what an unqualified buffoon-child.
what an unqualified buffoon-child.
One must make sure to be in the mood for an Oz Perkins film. It will be a slow-burn, scantily-scored, economically-timed piece of celluloid with richly complex characters navigating mysterious and perilous territory. By the end, it’s going to haunt you whether you liked the movie or not.
I’ve seen Perkins’ catalogue in reverse order: first the minimalist Netflix Original I am the Pretty Thing That Lives in the House. He’s remained a pleasant curiosity since I was a dumb uni kid thinking his character was odd-dorably relatable in Legally Blonde, and when I knew that he played a younger version of his father’s character in the Psycho series. I’ve always had a strange curiosity for the offspring of incredibly famous actors from the last century – whether they resemble them in appearance or career choices, or public personae (after a handful of clicks, I stumbled across the Facebook profile of Vincent Price’s great-great-grandaughter).
February, then (or The Blackcoat’s Daughter) was a movie that was getting enough buzz online and at festivals, but only ended up with a VOD distribution over a year and a half after it premiered – despite being produced by powerhouse production company A24, keeper of some titles you, idk, may or may not have heard of (Room, Spring Breakers, Amy, Moonlight, The VVitch). Odd, given Perkins’ pedigree.
The story nicely befits Perkins’ trademark slow-burn: two girls waiting for their parents to collect them from boarding school find themselves in the presence of, well…something not quite right. Rose (a coquettish Neve Campbell lookalike from her Scream days, played by Lucy Boynton) has deliberately delayed her parents’ arrival so that she can tell her boyfriend she’s getting an abortion. The much younger, shy, meek Kat (a compelling Kiernan Shipka), is so wholesome she doesn’t even have a cellphone, and instead perfects her puritanical habits of inoffensive piano-playing and sculpting impossibly perfect twin french braids. She’d probably make a great architect. Emma Roberts, Lauren Holly and the always-welcome James Remar do some great work in a parallel storyline.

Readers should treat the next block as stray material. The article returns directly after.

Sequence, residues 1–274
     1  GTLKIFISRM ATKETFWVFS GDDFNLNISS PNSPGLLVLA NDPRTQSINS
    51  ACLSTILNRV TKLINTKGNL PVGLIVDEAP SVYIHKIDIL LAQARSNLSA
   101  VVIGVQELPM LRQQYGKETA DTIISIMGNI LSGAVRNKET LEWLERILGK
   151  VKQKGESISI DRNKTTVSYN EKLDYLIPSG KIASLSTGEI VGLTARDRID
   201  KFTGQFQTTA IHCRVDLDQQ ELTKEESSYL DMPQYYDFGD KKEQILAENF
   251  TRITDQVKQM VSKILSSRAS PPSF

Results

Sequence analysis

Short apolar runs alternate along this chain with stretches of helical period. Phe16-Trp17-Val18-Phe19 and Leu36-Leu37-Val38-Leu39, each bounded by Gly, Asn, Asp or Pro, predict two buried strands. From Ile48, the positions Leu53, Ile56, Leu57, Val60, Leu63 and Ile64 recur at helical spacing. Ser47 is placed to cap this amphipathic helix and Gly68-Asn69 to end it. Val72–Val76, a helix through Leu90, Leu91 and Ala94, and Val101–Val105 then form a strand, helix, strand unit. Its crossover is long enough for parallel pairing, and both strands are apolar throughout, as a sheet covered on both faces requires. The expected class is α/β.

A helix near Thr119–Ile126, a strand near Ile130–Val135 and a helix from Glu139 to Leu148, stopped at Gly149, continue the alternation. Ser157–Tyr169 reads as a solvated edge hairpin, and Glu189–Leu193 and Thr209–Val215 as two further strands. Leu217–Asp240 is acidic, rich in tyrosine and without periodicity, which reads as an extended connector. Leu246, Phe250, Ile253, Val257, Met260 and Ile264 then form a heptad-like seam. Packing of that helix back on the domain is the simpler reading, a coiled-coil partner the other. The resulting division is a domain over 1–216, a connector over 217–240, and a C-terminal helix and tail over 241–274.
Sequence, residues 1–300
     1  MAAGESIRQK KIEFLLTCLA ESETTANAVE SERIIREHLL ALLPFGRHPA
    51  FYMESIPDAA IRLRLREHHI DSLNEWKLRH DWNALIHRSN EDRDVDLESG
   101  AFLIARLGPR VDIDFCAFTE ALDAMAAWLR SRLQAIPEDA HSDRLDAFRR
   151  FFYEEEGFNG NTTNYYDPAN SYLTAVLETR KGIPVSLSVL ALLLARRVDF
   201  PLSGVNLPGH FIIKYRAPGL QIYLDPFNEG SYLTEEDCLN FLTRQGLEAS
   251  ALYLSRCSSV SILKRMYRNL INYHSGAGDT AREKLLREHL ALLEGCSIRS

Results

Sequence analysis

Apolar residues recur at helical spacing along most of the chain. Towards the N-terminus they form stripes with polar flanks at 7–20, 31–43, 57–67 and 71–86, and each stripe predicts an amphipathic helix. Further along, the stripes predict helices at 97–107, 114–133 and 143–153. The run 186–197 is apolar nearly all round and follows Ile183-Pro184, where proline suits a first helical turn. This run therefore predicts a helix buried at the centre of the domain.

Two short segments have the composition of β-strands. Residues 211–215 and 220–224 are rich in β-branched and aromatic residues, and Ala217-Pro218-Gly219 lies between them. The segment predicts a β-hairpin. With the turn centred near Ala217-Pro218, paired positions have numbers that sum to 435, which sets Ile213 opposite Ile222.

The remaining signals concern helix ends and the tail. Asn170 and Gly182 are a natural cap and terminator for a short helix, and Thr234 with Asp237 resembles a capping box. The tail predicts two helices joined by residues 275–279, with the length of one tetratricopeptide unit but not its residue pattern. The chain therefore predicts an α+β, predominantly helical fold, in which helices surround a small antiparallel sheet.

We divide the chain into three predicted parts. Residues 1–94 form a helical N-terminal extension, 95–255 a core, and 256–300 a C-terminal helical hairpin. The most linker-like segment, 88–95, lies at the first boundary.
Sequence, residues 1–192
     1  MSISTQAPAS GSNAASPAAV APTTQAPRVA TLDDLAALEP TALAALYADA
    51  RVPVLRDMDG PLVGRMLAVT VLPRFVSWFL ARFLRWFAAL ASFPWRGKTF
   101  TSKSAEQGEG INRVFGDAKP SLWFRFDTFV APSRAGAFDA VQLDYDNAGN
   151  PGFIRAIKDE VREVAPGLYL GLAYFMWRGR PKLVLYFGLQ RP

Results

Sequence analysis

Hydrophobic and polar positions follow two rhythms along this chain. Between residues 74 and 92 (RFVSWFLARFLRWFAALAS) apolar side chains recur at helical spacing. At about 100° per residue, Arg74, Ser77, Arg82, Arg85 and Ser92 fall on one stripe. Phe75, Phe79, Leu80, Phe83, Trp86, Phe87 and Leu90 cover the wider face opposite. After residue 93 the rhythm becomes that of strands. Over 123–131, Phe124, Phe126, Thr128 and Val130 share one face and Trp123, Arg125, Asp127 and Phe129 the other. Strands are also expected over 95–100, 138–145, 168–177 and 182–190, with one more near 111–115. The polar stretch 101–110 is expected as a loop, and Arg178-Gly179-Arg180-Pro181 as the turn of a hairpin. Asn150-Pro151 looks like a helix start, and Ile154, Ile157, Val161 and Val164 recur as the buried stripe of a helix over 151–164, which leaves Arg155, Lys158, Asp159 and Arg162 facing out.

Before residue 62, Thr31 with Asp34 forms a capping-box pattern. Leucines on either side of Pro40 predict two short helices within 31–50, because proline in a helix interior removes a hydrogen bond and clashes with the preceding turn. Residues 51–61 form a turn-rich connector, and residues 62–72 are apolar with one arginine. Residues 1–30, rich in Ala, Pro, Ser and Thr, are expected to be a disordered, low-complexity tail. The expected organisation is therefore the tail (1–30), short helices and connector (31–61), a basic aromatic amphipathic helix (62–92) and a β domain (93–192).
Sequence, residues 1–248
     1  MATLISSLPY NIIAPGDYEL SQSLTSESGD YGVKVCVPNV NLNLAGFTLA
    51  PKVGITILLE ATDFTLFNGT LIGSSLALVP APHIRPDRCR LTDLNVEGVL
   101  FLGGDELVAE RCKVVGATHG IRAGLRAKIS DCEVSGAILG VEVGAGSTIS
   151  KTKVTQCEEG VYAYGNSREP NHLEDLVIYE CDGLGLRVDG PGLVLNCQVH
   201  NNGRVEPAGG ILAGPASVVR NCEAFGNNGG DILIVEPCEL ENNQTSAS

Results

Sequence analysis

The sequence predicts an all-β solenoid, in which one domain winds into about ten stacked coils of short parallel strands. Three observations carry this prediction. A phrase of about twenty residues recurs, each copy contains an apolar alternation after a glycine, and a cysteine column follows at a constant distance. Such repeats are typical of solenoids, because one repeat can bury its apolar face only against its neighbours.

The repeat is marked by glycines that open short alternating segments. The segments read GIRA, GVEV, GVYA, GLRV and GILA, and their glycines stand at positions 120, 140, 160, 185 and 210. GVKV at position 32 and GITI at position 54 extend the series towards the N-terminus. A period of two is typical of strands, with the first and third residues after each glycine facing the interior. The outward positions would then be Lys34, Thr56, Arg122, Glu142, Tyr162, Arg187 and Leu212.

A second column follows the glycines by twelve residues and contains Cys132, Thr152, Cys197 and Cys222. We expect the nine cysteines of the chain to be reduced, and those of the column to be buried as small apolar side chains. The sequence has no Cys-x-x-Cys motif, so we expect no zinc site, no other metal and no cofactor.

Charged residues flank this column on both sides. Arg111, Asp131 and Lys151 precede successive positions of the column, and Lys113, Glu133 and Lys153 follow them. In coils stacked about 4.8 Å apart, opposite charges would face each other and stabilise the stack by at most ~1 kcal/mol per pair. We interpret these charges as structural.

Without spoiling it, the plot progresses pretty quickly, despite many scenes in which very little appears to happen beyond slice-of-life character studies of these two girls. Some sequences are needlessly repeated to plug the gaps in the film’s attempt at cyclical/interlocking storytelling, but on balance, it doesn’t detract. Unlike some other reviewers, I didn’t find myself scared but rather unnerved – or chilled. Perkins has a way of hiding unsettling elements in the foreground; it’s enough to linger after viewing and make you wonder if, in the slow-burn, safe ordinariness of your own life, that maybe something this otherworldly horrifying could happen to you, too.
As someone who lost their job to ‘not a proper redundancy’ last Christmas, I found myself darkly amused by The Belko Experiment.
Helmed by Wolf Creek director Greg McLean and written by James Gunn, this office-based horror thriller ticks a couple of the workplace satire boxes: shiny steel coffin of a skyscraper with zero phone reception; insufferable coworkers (older perverts; impossibly cheery fat old ladies; quiet nerds; only black person is a security guard).
It begins ominously enough: Generic White Everyman Mike (GWEM) (Hush‘s John Gallagher, Jr) arrives at his completely-isolated high-rise office in the middle of No-one Can Hear You Scream, Colombia. The newly-hired, heavily-armed guards leave him somewhat prickled. Next up is a cursory introduction to new girl Dany (Melonie Diaz), whose unfriendly induction by her surrounding cubicle-dwellers makes Jawbreaker look like all of the cloying hug moments from New Girl.
Without warning, all the doors and windows are suddenly sealed. A creepy voice on the tannoy announces that the current group of 80 must kill two, or more will be killed at random.